Monday, 9 March 2015
Of The North
Chris McDowall, the creator of Into the Odd, recently joked that Liverpool was like the Florence of the Old School Renaissance with both Yoon-Suin and Fire on the Velvet Horizon coming out in such quick succession. Now, first of all humility compels me to demur, but also I live in Newcastle nowadays, and half of the creative energy behind FOTVH comes from New Zealand. So I think making Liverpool the Florence of the OSR is perhaps a little inaccurate. But still, if you include Chris, who lives in Manchester, I think we can make a play for the North of England being at least the Tuscany of the OSR - can't we? Can you at least give us that?
The North of England is seen by the rest of the country as a miserable place. It's like how most Americans seem to view the Deep South. Except whereas the Deep South is slavery, mint juleps, cotton fields, devout Christianity, Walker Evans, and dogs gasping for breath in the summer heat, "Up North" is flat caps, whippets, coal miners, bleak grey skies, unemployment, Roy 'Chubby' Brown, and hen nights in Blackpool featuring "Drunk and Gorgeous" t-shirts and cock-shaped lollipops.
But in spite of this the North of England has always been its creative heart - certainly since the Industrial Revolution. You only have to list the ridiculously large number of world-conquering musicians who've come from the comparatively tiny slice of land that is Liverpool and Manchester, the poets and writers and artists and actors, the sportsmen, the comedians. Factor in Sheffield, Leeds, Newcastle, and the innumerable towns lying in their orbits, and you can make a strong case for the North of England being pound-for-pound the most successfully artistically creative area of the world of comparative size since the Second World War.
Why is this? On the one hand the North is a very beautiful place, and large swathes of it are very wealthy; most Southerners imagine it as bleak and impoverished because they never go there. Drive ten minutes from Byker, in Newcastle, which is one of the poorest places in Western Europe, and you're in the Elysian Fields of Ponteland rubbing shoulders with barristers, actuaries and footballers who live in 16th-Century manor houses with packs of Irish wolf hounds and horses. And while the North suffered more than most areas of the country in the 1970s and 80s, most of its cities are now undergoing genuine renaissances (Liverpool in particular is simply unrecognisable to how it was when I was a lad; in the dodgy side streets 5 minutes away from the city centre where you simply couldn't park in 1987 without your radio and hub caps being nicked, there are now trendy gourmet burger restaurants full of blokes in pseudo-Victoriana-wear with moustaches and smoking e-cigarettes, and speakeasy-type bars with blacked out windows which only let cool people in and serve Old Fashioneds with massive ice cubes. There's a set of traffic lights in Toxteth where I vividly remember my mum getting robbed as we pulled to a stop; it's now the heart of student town, full of flocks of girls in leggings and lads with slicked-back hair and their t-shirt sleeves rolled up to show off their gym biceps.)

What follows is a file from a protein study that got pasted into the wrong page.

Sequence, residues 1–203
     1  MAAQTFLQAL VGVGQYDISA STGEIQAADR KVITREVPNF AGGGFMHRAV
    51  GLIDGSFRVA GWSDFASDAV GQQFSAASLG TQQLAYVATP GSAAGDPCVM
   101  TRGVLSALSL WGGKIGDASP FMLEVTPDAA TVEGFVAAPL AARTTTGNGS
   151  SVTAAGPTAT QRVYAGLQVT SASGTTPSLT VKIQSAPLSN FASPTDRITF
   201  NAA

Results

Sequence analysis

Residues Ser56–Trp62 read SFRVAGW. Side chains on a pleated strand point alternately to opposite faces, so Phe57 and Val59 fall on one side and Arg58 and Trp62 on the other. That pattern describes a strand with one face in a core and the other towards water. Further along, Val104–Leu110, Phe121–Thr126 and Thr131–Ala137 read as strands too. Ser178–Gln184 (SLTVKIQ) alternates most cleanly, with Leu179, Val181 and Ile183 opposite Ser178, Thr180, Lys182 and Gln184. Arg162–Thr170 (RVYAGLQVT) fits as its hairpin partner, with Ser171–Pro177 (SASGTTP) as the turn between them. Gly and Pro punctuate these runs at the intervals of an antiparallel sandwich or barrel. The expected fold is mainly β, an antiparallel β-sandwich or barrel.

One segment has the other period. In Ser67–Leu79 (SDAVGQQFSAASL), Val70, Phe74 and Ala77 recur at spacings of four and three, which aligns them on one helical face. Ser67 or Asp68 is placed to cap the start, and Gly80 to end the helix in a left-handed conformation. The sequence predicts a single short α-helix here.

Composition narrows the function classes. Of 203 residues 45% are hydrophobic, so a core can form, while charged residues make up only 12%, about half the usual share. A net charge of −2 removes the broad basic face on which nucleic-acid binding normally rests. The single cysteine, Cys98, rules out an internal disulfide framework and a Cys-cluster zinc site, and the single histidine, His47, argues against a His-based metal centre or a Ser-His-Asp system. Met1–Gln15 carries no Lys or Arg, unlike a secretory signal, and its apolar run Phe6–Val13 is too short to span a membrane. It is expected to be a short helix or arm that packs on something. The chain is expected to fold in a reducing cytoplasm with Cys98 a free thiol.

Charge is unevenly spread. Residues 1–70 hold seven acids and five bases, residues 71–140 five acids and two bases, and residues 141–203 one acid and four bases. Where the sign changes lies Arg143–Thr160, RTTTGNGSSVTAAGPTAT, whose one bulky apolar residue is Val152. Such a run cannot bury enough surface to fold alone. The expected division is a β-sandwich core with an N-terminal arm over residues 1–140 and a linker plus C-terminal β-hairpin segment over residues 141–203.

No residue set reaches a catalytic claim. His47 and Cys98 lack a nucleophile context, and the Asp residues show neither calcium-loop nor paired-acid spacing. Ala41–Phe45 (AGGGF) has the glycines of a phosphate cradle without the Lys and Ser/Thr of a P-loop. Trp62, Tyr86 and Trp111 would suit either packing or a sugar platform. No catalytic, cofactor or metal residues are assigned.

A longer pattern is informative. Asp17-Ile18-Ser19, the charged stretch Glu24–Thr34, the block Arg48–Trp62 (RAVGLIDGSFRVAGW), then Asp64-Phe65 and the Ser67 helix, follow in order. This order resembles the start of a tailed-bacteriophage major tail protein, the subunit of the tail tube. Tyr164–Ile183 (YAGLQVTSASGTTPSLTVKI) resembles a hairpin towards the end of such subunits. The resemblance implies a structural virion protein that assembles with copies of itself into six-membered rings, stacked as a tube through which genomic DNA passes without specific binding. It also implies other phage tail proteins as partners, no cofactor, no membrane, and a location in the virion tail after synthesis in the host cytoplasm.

And yet on the other hand many parts of the North are bad places to live. I didn't grow up in a former pit village in County Durham, or the Clockwork Orange world of Speke or Kirkby, but in the town where I grew up it's safe to say there wasn't much going on. When I tell people I'm from Wallasey I normally get a blank stare: it's the kind of place you only know if you're from there. I usually describe it as being pubs and houses. That's all it really is: 50,000 people and a heck of a lot of beer. "Culture" in Wallasey is getting a Chinese meal-for-two for £10 from Asda. It's nice enough, but if you're a kid growing up there you have to make your own fun.
And that's the key to it really: that's why the North is a hotbed of creative energy. It's because for a lot of kids there's fuck all to do except make music or write poetry or whatever. When you're living in a terraced house where it's always either raining or about to rain, and where the only colours around you are drab browns and greys and colours that look like them, you have to go the extra mile yourself. Your imagination hones itself. Some people turn to football, some turn to pop music, others apparently turn to role playing games. I'm not sure that this is the only reason why I came up with Yoon-Suin (the fact that I fucked off somewhere else in England and then across to the other side of the World may also have something to do with that), but I'm sure it's significant. So if you're looking for somebody to blame for this flowering of OSR stuff... put it down to the rain, economic stagnation, and the alchemy of D&D's effects on a bored kid's brain.